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|Not all Chesapeake places are alike. The Bay and its watershed are too big for that, and the area's human stories are too diverse. Each of the regions of the Bay has a distinct natural and cultural identity, reflecting the different ways powerful Bay influences show up in different places and among different peoples.|
|The Susquehanna River
and Northern Bay
The storied Susquehanna is the biggest single source of fresh water to the Chesapeake Bay. It’s also a vital natural link connecting the scenic shores of the upper Bay with lands and people hundreds of miles away.
|The Eastern Shore
When people think of classic Chesapeake landscapes, they’re usually thinking about the Eastern Shore. Here are the meandering rivers and lush wetlands, the roadside farm stands and moving maritime scenes.
|The Mouth of the Bay, Hampton Roads
and the James River
Near the famed Jamestown settlement, Chesapeake traditions continue to thrive in modern-day urban environments. Once fishing fleets head out of the snug harbors here, they pass alongside monumental Navy and cargo ships in Norfolk harbor.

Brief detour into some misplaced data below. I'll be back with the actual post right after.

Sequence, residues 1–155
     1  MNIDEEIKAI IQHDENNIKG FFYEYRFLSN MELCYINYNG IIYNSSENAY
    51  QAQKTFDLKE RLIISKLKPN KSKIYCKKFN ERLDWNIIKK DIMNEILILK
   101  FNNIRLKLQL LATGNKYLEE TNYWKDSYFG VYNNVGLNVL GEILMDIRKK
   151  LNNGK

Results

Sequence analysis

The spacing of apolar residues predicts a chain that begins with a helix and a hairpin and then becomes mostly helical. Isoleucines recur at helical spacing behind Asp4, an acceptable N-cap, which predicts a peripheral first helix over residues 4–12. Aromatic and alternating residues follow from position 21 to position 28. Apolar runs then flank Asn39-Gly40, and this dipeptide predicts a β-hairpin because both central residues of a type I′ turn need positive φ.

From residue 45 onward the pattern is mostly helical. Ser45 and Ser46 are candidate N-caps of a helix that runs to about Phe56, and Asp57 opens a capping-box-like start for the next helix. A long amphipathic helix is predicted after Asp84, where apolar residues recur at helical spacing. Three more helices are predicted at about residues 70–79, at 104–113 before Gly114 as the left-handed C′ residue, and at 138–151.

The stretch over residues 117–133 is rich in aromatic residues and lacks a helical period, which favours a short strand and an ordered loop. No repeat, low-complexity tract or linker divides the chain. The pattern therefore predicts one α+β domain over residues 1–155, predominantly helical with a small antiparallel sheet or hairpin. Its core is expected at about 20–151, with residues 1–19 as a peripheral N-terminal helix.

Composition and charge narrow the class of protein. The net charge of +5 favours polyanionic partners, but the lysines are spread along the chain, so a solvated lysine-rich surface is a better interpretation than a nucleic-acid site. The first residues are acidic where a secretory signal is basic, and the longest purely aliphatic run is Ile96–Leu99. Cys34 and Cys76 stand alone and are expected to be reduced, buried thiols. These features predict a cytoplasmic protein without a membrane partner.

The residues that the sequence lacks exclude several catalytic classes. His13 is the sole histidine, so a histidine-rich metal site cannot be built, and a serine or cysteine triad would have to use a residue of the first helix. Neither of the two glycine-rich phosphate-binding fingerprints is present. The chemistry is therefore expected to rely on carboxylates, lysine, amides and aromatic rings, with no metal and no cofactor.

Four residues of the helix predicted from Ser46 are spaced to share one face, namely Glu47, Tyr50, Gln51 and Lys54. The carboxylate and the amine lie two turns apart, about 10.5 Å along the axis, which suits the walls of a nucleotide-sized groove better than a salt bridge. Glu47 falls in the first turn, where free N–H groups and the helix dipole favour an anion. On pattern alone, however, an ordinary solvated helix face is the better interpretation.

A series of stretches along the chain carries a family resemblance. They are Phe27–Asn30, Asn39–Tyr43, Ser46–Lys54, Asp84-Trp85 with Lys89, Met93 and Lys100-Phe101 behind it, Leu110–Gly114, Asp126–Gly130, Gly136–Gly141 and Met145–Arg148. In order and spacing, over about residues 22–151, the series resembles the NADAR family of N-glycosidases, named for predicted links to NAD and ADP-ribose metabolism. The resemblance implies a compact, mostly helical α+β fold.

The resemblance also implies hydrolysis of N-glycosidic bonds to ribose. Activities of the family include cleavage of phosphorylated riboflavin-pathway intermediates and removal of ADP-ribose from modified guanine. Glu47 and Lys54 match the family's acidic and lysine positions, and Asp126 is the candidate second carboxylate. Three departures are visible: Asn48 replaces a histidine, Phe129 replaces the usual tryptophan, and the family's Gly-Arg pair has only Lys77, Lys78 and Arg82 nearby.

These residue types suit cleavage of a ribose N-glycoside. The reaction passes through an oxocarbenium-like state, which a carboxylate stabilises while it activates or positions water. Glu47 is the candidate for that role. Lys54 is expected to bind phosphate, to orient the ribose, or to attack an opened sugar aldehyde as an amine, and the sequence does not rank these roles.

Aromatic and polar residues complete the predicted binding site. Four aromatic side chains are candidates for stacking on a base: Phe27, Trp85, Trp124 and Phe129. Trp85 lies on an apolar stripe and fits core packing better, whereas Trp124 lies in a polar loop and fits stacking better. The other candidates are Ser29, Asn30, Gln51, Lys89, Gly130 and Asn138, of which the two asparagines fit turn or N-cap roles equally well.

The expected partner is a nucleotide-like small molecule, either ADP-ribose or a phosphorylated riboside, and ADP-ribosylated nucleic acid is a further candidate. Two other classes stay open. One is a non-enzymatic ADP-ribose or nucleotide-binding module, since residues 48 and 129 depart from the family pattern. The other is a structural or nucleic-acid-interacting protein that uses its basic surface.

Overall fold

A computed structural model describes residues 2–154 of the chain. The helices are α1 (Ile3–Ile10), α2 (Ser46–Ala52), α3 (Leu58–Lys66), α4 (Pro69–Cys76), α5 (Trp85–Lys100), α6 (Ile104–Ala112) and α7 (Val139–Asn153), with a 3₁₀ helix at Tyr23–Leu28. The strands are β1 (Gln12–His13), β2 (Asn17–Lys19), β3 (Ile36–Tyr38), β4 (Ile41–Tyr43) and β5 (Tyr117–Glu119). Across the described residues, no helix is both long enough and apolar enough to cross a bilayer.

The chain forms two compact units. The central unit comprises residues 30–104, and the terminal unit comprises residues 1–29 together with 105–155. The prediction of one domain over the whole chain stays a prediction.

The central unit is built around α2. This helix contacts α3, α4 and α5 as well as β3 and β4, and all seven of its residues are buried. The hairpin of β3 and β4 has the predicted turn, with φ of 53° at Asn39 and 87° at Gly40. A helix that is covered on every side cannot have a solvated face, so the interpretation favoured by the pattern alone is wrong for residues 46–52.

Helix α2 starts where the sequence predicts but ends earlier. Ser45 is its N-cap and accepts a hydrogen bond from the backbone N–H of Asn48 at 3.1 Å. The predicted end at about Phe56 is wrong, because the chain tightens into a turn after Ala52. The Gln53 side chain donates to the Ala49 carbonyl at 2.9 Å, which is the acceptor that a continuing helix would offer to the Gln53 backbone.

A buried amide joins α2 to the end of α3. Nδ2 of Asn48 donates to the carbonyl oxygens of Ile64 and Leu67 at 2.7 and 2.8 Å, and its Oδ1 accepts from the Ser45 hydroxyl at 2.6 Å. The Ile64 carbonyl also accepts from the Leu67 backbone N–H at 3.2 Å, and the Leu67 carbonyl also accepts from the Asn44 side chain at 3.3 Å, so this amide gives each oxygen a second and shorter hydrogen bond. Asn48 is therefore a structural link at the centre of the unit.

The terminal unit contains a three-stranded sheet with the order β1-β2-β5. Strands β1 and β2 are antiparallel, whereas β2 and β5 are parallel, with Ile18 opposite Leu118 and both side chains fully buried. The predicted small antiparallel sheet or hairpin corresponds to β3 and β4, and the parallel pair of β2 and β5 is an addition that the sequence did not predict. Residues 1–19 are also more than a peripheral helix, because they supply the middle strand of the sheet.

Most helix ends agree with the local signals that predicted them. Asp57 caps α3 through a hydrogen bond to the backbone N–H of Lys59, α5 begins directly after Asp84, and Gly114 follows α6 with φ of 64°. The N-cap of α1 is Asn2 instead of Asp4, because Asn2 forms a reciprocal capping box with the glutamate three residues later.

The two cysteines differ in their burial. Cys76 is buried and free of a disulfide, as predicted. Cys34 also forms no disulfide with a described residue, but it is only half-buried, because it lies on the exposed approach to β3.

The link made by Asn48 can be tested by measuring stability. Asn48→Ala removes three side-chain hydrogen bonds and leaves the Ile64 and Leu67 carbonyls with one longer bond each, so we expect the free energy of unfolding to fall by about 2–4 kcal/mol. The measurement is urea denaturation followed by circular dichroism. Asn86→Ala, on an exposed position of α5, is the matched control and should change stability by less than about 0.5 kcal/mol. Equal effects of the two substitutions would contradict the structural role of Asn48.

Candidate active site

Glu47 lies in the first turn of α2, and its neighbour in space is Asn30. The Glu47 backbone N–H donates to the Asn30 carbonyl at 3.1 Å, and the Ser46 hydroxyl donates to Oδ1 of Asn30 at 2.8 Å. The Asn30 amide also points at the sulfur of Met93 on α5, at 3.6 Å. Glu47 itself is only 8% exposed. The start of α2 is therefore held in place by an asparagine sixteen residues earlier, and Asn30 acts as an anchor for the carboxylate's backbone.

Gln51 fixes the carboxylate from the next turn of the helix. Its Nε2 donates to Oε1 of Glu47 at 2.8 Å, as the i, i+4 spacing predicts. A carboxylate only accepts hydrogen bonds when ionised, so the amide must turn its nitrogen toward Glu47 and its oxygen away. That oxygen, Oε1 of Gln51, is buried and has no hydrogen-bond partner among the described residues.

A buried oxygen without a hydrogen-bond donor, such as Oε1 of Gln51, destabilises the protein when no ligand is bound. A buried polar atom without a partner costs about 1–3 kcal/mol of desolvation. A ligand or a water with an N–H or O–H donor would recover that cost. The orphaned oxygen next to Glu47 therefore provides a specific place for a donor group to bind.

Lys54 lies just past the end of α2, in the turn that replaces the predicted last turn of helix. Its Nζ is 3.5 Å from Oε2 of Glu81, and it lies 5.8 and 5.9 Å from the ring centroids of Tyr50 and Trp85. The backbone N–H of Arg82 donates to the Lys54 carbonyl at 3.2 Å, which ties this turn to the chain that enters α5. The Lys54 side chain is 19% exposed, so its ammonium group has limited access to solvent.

|Northern Neck, Middle Peninsula and
the York River
As timeless as they are scenic, the two Virginia peninsulas perched north of the York River are filled with winding rivers, gentle hills, and rural landscapes. The Chesapeake’s maritime traditions run as strong here today as they do anywhere on the Bay.
|The Potomac River
At the mouth of the Potomac is Point Lookout, one of the most spectacular of Chesapeake vistas. That marks the end of the river’s 400-mile journey, which starts in the West Virginia mountains and passes the capital city of Washington, D.C.
|Maryland's Western Shore
The Bay’s “other” shore offers its own generous share of natural attractions and cultural gems. Big-city Baltimore and maritime Annapolis are its best-known destinations. But plenty of rural farmland, forested parks, and scenic rivers await as well.